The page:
Appreciate pears

This pear tart is a showstopper

click to enlarge Appreciate pears
PHOTO BY ASHLEY MEYER
Pear Frangipane Tart

Pears are perhaps one of the most underrated fruits of the fall season. While apples and pumpkin spice may steal all the autumnal fanfare, pears are as delicious as they are versatile and nutritious. Popular varieties of pears available in most markets include Anjou, Bartlett, Comice and Starkkrimson, all varieties that will be tender and juicy when ripe. Varieties that will be more crisp when ripe include Bosc, Sekel, Concorde and Forelle. These crisper type pears will work best for recipes where the pears are to remain intact, such as when roasting alongside a piece of pork tenderloin or to poach in spiced wine.

One of the rare fruits that do not ripen on the tree, pears are harvested when mature but not fully ripened. When stored at room temperature they ripen from the inside out, becoming progressively sweeter and juicier. You can check pears for ripeness by gently pressing your thumb into the stem end of the pear. If there's some give in the fruit's flesh then you know it's ripe and ready to eat. Once pears are ripe they can be transferred to a refrigerator to slow the ripening process and should be eaten within five days. 

While a perfectly ripe pear needs no augmentation or accompaniment, it can play a role bringing out the best in other ingredients. Sliced juicy pears are perfect on a cheeseboard or in a salad. Like apples, sliced pears will brown and therefore should be sliced right before serving. If you're looking to prepare pears ahead, perhaps for a potluck salad or meal prep, consider roasting them. Core and slice firm pears and toss lightly with oil and a sprinkle of salt before arranging in a single layer on a parchment-lined baking sheet. Roast in a 425-degree oven for 10-15 minutes until lightly browned and just tender. Roasted pears can be cooled to room temperature and stored in the fridge for three days. 

Pear Frangipane Tart

This is an incredible showstopper of a dish and an ideal finish to a leisurely dinner party or holiday fete. The classic flavor combination of pear and almond come together in a dish that is beautiful to behold yet deceptively straightforward to prepare. This recipe is adapted from one featured in Martha Stewart's Pies and Tarts, which remains one of my favorite tomes on the subject.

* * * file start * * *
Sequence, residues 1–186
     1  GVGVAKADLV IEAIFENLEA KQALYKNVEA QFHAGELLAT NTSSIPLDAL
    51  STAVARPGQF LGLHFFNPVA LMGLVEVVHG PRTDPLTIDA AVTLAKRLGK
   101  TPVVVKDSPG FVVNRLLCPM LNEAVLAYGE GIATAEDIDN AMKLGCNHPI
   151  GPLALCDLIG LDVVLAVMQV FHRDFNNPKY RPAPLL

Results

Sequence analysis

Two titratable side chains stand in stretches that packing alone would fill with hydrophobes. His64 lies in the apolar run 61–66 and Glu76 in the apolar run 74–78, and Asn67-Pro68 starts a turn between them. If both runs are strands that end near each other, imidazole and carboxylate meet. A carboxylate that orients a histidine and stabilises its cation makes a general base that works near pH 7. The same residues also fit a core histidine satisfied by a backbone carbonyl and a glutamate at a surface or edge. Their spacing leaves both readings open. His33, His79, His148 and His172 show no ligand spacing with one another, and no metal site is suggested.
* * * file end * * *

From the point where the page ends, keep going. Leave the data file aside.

Note that this recipe does require several hours for the pears to cool in their poaching liquid (this can be done up to five days ahead), so some planning will be required. You can make this recipe using canned pear halves in light syrup, which allows you to skip the poaching step entirely. The finished dish won't have the same nuanced flavors, but it will still be stunning and delicious. 

For the pears:
6 firm but ripe pears, such as Bosc, stem intact
1 bottle white wine (or substitute 25 ounces cider)
1 cup sugar (reduce if using cider or sweet wine)
2 tablespoons lemon juice
One strip lemon zest
5 cardamom pods or 1 cinnamon stick

For the tart:

One unbaked 10-inch pie shell, chilled (from one half recipe of basic pie dough, see https://www.illinoistimes.com/springfield/easy-as-pie/Content?oid=11439241)

½ cup unsalted butter
½ cup sugar
1 egg
1 cup almond flour (other nut flours work also)
3 tablespoons dark rum or brandy
½ teaspoon almond extract
1 tablespoon all-purpose flour

First, poach the pears. Bring the wine, sugar, lemon juice and zest, and cardamom or cinnamon, to a boil in a large saucepan. While the mixture heats, peel the pears, keeping them whole and the stems intact. Lower the pears into the boiling mixture and lower the temperature to a gentle simmer. Cook for 15-20 minutes, turning the pears in the liquid as necessary to facilitate even cooking. Remove the pears from the poaching liquid when they are tender enough to be easily pierced with a knife and transfer them to a covered heat-proof bowl. Raise the heat on the poaching liquid to a brisk boil and reduce by half. Strain the reduced poaching liquid over the pears, removing the spices and lemon, then cover and let them come to room temperature before refrigerating for at least 4 hours, or preferably overnight. 

Preheat the oven to 425 degrees while you make the frangipane. Cream the butter and sugar together in the bowl of a mixer or food processor until fluffy and pale. Add the egg, ground almonds, rum or brandy, almond extract and flour and beat until smooth. Using a spatula, spread the thick mixture over the chilled tart shell. Place the filled tart in the fridge while you prepare the pears. 

Remove the pears from their poaching liquid and cut each in half lengthwise (reserve the poaching liquid). Remove the core and stem, then place cut side down and slice the pears into thin slices. Arrange the sliced pear halves decoratively over the frangipane. Transfer the tart to the preheated oven and bake for 45 minutes, until the crust is lightly browned and the frangipane is puffled and golden. While the crust bakes, transfer ½ cup of the poaching liquid to a small saucepan and reduce by half to a syrupy consistency. Brush this glaze over the top of the pears while the tart is still hot from the oven, then cool to room temperature before serving. 

About The Author

Ashley Meyer

Ashley Meyer has been cooking as long as she has been walking. The daughter of beloved former Illinois Times food columnist, Julianne Glatz, Ashley offers a fresh, inspired take on her mother’s culinary legacy. Ashley studied winemaking at Lincoln University in Christchurch, New Zealand and recently achieved the...

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